When the announcement was made that the J. Erik Jonsson Ethics Award Luncheon was being moved from SMU’s grand ballroom to Moody Coliseum a couple of weeks before the presentation to Bobby Lyle on Thursday, March 29, a few eyebrows were raised. Perhaps it was long ago memories of proms being held in high school gyms that triggered images of metal folding chairs around bare round tables on the polished floor glistening with sweat. Oh, dear. Would they have head shots of Bobby looking down from the center-hung scoreboard?
That might have been at other schools, but this was SMU and President Gerald Turner and his team know nothing but excellence. This occasion would be used to express their appreciation for Bobby and to impress the 425 who’s who of North Texas. Moody would be transformed to a stellar ballroom to complement the man and the award even if they only had days to prepare.
Starting at 11 a.m., the VIP reception in Miller Champions Club was heady stuff with the likes of Gail Thomas, Jan and Fred Hegi, the Strauss sisters (Nancy Halbreich and Janie McGarr), Lynn McBee, Terry Flowers, Connie O’Neill, Caren Prothro, Bess and Ted Enloe, Nancy Marcus, Stan Levenson, Mike Boone, Sara and David Martineau, Chris Durovich, Brent Christopher, Frank Risch, Nancy Dedman, Doug Hawthorne, Nancy Ann and Ray Hunt and, of course, Bobby’s wife Lottye Brodsky. Bobby admitted that after years of presenting the award to others, it was a lot easier to give than to receive.
In the meantime, the final preparations on the floor of the coliseum were being made. Instead of Cinderella the scullery maid, it was Cinderella all gussied up. Against a blue carpeted floor 44 white tablecothed tables with beautiful place settings and padded charivari chairs. On one side of the floor was a stage with two red chairs for a chat between SMU Distinguished Chair in Journalism Tony Pederson and Bobby. Across the way the production crew and SMU co-eds at keyboards were set up in the loge level. Sound checks were made to perfection. The video was checked. The presentation of the flags by the Boy Scouts was rehearsed.
Just before the guests strolled downstairs to the floor, Gerald arrived to review the setup. Like a general inspecting his troops, he asked questions and his staff had the answers. It is highly doubtful that such expressions as “slipshod,” “sloppy,” “haphazard,” “second rate” or “slapdash” have ever been associated with a Turner production.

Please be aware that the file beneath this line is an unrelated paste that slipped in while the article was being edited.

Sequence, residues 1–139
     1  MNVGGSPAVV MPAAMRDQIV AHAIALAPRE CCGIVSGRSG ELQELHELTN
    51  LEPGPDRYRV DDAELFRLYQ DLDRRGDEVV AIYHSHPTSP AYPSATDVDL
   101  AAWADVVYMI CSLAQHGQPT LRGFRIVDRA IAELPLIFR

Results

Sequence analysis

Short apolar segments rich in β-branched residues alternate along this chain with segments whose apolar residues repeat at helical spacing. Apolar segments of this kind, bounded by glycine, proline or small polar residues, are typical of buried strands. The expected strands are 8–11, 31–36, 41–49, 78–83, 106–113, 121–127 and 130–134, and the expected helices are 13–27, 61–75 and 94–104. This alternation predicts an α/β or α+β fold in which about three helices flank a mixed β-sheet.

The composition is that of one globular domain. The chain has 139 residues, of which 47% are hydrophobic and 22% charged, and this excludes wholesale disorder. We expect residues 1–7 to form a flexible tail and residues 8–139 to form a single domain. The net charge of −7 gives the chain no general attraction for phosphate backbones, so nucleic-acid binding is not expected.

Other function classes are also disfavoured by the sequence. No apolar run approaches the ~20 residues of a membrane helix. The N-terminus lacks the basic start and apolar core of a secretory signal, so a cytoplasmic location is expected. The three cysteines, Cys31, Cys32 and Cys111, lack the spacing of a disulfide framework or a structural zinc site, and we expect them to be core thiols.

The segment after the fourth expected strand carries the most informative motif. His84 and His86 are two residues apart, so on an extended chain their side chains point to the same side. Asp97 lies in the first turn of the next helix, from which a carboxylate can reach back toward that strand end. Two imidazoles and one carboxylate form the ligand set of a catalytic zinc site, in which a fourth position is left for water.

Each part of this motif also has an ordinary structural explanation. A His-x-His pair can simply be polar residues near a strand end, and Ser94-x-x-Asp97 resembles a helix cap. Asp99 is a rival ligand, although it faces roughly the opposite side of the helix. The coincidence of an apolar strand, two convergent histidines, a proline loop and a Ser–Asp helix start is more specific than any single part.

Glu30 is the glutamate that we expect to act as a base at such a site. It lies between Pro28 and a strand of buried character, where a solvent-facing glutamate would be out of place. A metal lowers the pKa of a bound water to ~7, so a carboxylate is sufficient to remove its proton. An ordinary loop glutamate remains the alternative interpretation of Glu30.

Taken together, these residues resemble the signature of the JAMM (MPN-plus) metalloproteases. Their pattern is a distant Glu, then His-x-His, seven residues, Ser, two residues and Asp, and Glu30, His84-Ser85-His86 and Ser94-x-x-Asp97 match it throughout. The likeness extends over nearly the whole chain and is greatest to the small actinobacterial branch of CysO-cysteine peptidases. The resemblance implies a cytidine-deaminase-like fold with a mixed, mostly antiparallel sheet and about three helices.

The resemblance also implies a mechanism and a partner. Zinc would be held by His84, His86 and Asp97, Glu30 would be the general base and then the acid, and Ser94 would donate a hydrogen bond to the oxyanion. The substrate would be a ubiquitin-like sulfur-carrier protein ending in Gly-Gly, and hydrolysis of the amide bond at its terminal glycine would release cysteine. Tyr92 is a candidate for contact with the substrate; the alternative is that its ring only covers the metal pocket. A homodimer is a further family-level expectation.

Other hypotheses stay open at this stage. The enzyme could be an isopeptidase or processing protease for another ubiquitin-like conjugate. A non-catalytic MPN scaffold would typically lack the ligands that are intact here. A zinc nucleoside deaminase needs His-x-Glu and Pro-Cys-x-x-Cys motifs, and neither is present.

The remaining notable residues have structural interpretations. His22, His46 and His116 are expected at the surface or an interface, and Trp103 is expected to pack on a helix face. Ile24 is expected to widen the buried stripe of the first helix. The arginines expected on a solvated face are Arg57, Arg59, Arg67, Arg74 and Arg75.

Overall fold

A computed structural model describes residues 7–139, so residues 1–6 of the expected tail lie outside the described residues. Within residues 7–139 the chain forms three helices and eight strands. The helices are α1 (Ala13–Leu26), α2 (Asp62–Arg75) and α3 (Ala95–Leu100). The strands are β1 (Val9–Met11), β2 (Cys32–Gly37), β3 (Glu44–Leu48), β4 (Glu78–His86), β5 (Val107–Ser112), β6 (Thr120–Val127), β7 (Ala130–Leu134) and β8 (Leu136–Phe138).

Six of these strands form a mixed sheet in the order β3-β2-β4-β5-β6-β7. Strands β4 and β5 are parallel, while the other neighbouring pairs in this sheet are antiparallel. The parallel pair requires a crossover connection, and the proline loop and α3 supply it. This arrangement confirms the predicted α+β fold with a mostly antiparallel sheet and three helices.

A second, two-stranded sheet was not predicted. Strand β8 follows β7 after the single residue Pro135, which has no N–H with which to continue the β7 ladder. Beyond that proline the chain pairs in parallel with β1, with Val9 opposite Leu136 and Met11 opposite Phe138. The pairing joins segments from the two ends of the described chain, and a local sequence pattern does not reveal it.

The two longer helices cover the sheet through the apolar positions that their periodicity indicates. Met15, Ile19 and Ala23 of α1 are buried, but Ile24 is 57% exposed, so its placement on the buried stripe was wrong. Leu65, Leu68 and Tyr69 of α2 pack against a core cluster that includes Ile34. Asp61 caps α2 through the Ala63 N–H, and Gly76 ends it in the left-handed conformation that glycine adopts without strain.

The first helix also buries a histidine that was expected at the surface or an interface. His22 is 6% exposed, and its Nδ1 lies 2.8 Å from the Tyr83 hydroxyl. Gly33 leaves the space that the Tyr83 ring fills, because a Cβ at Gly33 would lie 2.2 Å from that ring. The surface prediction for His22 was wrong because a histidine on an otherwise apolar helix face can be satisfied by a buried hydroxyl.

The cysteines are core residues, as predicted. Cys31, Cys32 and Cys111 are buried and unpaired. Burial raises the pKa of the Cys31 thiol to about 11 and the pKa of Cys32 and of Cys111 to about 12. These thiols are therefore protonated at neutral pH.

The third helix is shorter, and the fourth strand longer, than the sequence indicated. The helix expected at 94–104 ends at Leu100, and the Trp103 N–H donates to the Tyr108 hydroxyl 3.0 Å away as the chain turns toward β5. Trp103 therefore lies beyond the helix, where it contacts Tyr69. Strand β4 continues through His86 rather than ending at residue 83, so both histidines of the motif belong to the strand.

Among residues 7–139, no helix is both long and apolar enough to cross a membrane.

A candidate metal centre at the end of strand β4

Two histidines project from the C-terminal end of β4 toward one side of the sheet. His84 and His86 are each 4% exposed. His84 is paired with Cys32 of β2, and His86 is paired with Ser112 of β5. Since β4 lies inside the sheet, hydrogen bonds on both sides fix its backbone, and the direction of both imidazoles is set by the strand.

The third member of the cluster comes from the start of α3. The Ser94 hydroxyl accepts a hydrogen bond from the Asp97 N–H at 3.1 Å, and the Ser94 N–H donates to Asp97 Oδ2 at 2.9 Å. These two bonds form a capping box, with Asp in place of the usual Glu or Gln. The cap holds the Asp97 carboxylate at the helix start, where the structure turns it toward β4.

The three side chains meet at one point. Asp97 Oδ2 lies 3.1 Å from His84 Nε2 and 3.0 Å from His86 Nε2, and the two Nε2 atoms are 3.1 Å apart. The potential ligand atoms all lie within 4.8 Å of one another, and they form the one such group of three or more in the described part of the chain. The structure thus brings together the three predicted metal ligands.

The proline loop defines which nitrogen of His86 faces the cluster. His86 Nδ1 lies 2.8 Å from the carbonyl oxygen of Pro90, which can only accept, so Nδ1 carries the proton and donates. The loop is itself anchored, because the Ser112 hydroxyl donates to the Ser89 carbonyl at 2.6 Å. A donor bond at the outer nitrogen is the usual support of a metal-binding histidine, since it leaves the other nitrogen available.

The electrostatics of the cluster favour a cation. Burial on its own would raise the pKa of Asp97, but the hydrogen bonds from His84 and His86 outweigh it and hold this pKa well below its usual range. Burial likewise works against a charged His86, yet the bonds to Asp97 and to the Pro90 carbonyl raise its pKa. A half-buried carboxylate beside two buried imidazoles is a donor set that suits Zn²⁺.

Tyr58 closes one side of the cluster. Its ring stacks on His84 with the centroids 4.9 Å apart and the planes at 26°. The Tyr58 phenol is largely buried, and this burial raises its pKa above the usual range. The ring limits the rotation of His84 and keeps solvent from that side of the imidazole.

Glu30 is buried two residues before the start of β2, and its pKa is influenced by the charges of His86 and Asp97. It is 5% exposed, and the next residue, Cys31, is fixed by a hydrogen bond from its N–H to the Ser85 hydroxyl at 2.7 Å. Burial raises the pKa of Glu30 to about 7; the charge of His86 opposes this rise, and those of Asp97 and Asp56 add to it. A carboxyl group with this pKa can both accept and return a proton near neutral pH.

At 11:55 a female voice warned the program would begin in five minutes and for guests to start heading to their seats. At 11:58 a last call was made for guests to take their places. Exactly at high noon the voice was heard one last time announcing the beginning of the program with the presentation of the flags. The boldface chatter was silenced and all stood including the production crew as the scouts placed the flags in their places and were dismissed to a round of applause.
At 12:30 Co-Chair Chris Kleinert was at the podium announcing that this was the largest gather for the Awards presentation with 179 on the event committee and resulting so far in a record breaking $327,000 for the Cary M. Maguire Center for Ethics And Public Responsibility. He explained that in the past the event had been held at Belo Mansion and the SMU grand ballroom, but due to the response a move was necessary and Gerald wanted to keep it on campus.
Following a video on the Maguire Center, SMU Development and External Affairs VP Brad Cheves thanked Co-Chairs Ashlee and Chris Kleinert and recognized the trustees, the Lyle family, the area officials, SMU first lady Gail Turner and the sponsors.
He was followed by St. Philip’s School’s Terry Flowers who asked all to stand for the invocation.
At 12:18 lunch was served seamlessly thanks to the accommodating space and set up.
Exactly 30 minutes later Gerald and MaguireCenter’s William F. May Endowed Director Rita Kirk are at the base of the stage. Rita was accompanied by a cane, so Gerald requests an additional chair be placed on the stage. As if someone had been reading Gerald’s mind, the chair immediately is placed near the stairs on the stage.
Gerald introduces Rita who says just as there are banners hanging around the coliseum for basketball games, she thought it appropriate to have banners made for the past awards. On the two screens, a collection of banners boasting the names of past recipients is shown.